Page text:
B double layer of leather over toes; extra long oak
B tanned counters; steel shank to strengthen and
B hold the shape; extra high quality uppers; leather
B lined throughout; rubber heels.
B For Men Women tffe ft? 6
1 -Children dnVCj
B Mayer "Dry-Sox" Shoes are ideal wet weather
I shoes. They afford complete protection against
B snow, slush, rain, cold or dampness. They are solid
H throughout and as stylish looking as any up-to-date 9
I dress shoes. This is another striking illustration of Eg
M the quality of Mayer Honorbilt Shoes. No better j
B values are obtainable anywhere. M
Iur dealer for Honorbilt Shoes. If not obtainable, write to us. Bj
VARNING Bo sure and look for the B
layer name and trade mark on the solo. Ktmfo B
: Mayer Honorbilt Shoes in all styles for men; 5lRr H
id children: Yerma Cushion Shoes and Martha Ix$m& 81
on Comfort Shoes. Jtfttjftr h
ir Boot & Sho B
DMT PULL OUT Tl GRAY KI5;
II SIMPLE IJEBY RESTORES COLOR
Darkens the Hair, Stops Dan
druff, Falling Hair and
"Pull out ono cray hair and a dozen
will iako its place," is au old sayinci '
which is, to a ureal, extent, true, if no
steps aro taken lo stop iho cause.
When crav hairn appear it is sicn
that Naluro needs assistance. It is
Nature's call for help. Gray hair, dull,
lifeless hair, or hair that b fallinj: out.
is uol necessarily a sicn of advaiicinc
ago, for thcro arc thousands of cl
dorlv people with perfect heads of
hair without a sinplo streak of cray.
When cray hairs come, or when the
hair seems to be IUVIpss or dead, some
jiood. reliable hair-roilorimj treatment
bhoulrl be resorted to at once. Special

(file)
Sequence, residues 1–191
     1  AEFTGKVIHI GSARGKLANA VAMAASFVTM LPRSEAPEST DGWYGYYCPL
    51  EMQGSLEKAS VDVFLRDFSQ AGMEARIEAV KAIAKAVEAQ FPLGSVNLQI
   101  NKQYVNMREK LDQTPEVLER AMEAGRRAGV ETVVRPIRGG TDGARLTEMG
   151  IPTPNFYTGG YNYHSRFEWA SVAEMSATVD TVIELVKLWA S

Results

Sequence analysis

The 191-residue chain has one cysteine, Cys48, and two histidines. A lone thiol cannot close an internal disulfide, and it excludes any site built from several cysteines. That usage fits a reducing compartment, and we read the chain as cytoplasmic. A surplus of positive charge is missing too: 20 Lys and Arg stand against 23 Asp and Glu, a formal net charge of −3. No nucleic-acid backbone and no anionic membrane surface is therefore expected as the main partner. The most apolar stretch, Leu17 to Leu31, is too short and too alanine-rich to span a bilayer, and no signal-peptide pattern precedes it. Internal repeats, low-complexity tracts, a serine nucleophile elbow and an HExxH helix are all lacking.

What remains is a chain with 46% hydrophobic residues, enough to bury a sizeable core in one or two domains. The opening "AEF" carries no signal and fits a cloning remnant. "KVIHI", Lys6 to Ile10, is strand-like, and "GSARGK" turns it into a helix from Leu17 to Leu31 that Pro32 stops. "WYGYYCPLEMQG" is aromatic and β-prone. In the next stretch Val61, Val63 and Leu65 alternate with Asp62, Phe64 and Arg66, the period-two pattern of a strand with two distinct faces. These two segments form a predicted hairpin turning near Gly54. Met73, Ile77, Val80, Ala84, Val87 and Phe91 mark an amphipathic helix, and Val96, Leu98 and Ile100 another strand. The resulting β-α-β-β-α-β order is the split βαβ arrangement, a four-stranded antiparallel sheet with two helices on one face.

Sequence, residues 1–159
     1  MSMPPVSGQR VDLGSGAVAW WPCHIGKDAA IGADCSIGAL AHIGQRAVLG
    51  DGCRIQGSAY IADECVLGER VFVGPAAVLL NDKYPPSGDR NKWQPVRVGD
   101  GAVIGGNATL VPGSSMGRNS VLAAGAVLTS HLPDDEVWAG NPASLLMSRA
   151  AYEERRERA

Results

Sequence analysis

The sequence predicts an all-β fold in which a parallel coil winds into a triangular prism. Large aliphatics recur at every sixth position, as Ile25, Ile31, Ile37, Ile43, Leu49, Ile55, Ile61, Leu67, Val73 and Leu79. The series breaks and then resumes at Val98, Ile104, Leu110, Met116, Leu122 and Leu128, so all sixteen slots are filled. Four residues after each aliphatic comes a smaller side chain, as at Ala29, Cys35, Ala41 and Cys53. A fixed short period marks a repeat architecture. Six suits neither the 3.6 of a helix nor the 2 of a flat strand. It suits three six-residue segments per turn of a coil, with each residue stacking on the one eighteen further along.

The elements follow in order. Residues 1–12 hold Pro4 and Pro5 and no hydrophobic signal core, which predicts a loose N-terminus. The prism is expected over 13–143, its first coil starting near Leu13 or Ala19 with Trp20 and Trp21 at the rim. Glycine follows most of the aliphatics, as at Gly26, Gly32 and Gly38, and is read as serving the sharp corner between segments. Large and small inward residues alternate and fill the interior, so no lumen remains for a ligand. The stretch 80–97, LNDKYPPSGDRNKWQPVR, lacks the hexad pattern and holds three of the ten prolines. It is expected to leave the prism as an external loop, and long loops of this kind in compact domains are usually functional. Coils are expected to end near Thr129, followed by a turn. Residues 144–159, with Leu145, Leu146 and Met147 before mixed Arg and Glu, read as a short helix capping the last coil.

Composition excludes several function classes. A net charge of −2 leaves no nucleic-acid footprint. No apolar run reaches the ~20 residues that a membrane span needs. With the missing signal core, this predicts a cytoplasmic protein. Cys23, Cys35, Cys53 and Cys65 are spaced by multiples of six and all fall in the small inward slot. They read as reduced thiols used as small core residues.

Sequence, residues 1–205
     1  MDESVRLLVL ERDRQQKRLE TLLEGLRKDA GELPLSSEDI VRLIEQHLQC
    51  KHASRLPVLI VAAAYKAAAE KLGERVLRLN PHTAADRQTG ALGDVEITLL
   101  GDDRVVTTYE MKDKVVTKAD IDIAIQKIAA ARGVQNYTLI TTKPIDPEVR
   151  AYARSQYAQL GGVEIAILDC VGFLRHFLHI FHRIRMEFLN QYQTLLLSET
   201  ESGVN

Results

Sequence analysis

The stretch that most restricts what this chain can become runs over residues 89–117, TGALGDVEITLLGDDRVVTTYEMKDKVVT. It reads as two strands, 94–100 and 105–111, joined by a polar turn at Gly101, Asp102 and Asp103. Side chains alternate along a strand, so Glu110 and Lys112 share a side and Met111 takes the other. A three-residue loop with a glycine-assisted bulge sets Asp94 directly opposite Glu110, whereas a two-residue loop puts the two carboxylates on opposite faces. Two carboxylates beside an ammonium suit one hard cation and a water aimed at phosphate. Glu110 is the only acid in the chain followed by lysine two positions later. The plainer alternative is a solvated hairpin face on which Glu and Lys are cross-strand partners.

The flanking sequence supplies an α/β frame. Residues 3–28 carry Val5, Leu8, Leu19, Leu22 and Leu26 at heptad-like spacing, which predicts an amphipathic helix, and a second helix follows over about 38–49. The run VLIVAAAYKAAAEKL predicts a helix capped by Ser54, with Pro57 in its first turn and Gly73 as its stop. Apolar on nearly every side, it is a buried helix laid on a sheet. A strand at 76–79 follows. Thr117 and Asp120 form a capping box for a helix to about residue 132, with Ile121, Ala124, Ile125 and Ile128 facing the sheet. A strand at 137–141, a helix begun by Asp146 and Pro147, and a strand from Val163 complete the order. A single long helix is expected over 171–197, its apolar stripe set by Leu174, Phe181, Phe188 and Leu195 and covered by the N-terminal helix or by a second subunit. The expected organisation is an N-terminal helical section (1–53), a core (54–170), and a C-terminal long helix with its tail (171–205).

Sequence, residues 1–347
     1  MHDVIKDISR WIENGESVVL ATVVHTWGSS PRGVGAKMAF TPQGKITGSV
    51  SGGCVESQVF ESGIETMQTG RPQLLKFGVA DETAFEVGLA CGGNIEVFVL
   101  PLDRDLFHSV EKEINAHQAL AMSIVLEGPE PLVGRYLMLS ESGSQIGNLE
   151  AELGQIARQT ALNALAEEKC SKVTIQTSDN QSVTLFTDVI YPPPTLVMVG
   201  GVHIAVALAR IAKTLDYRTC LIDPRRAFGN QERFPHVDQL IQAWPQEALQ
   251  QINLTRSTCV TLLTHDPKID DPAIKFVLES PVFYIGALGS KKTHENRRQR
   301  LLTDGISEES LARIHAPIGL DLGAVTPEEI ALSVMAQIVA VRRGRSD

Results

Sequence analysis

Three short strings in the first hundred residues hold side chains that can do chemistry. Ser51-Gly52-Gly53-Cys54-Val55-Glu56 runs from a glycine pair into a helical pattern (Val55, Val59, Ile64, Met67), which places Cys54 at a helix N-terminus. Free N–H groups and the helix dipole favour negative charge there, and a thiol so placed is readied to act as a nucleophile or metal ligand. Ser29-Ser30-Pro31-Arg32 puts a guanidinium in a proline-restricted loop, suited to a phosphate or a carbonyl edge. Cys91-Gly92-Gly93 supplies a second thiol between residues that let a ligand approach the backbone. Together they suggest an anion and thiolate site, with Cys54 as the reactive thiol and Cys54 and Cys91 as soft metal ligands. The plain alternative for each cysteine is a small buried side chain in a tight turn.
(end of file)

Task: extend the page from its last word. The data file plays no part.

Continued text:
ists buy that one of thn best prcparn
a vivid panorama of American life in its
more material inspects. It. is a strong
book in its scope and power; broader and
better than -anything which. Mr. Dreisct
lias heretofore done. Its vlow-polnt is
large, Us insight Into the broader phase
of tho evolution of American life, lt
portrayal, of the fight for gold and power
and fortho love of woman, makes It Mire
that this novel must bo ranked uh ope of
the- great novels of modern ib-tlon- The
characterization is Hoar, distinct," typical,
and skillful. The story tells or the de
velopment of a great railway system,
of financial struggles, of tremendous
grasps for power, position, and wealth.
The love r-tory In It is vivid and strong,
but atter all, the mutorial phnsos arc tli
ouc: that arc the most prominent In this
powerfully written novel.
Ouataf Jaoou't remarkable book of torlc diii
Inr: wllh tho Turho-Ilallan War In Tllpoll 'U!
b publlhftd ImipedlMtolT lu this, eountry by U
tie. Crown Co.. UoMon TrannUted from thr
Swedlnh original 'Lorcnerna." the tiliraerltlml
Iindnn Athnnacuiu anerts thai Mr. Junann'a vork
'et It author ifi once monK the preat wilten
of Kurope." This Mi-rallcd "Kipling of Sweden."
Klvrs nol only graphic alinllrn of ItslUn and Arabs
allkr. but aiot forcefully exhibit the futility and
the tragedy of war.
On Oie fly l'af of Honry vau Dike's 'new book
of notion, "The L'nhnovn Quantity. A UooW or ftu
nianro mid Some Half-Told Ta1,f." ISerlbner'al li
the familiar plirnac, "Let X Krpinl the Unknown
Quantity. ' It contalni a number of "Half-Tohl
Tnlea" and eleven loader stories all of which
have In common "The Vnknown Quantity thai
unknown, clmlve. unoipcctod loner In 'human af
fairs which Koe by many names but Is hero n
vculrd as a moral quality founded on the spiritual
One of the most frank and oiilpoken irtlclu
etcr written on a religious subject U "The Hun
gry Sheep." by WllJIdin Lyon ''helps, which wjll
appear In the November Century. Prof. Phelps
rays, unions many thins, that one icaroo people
do not CO to church la because minister are
afraid to prcseh the Gospel.
The author of McClurs'a nrw mytr norel,
"The Tlmo tock," la C. U. Wnllc. no Indiana inau
who has hatf a dozen sttrrlat; talen to hlft credit.
Wulk lives on t diminutive farm at the ode or u
mail town.' and (or his yarns drawn upon an
experience IbU coverr ruot of thn North Amer
ican continrnt. ag he wai a wanderer araonc cities
all of hta Hfo until few years ago. Ills IKo
la aa simple aa his plolx are romp lux. and his
greatest Joy, when noi evolving n m fiery alory.
la to nil on the bnk of a atruam called Deer
i;rcek and angle for !lh of two Incites draft and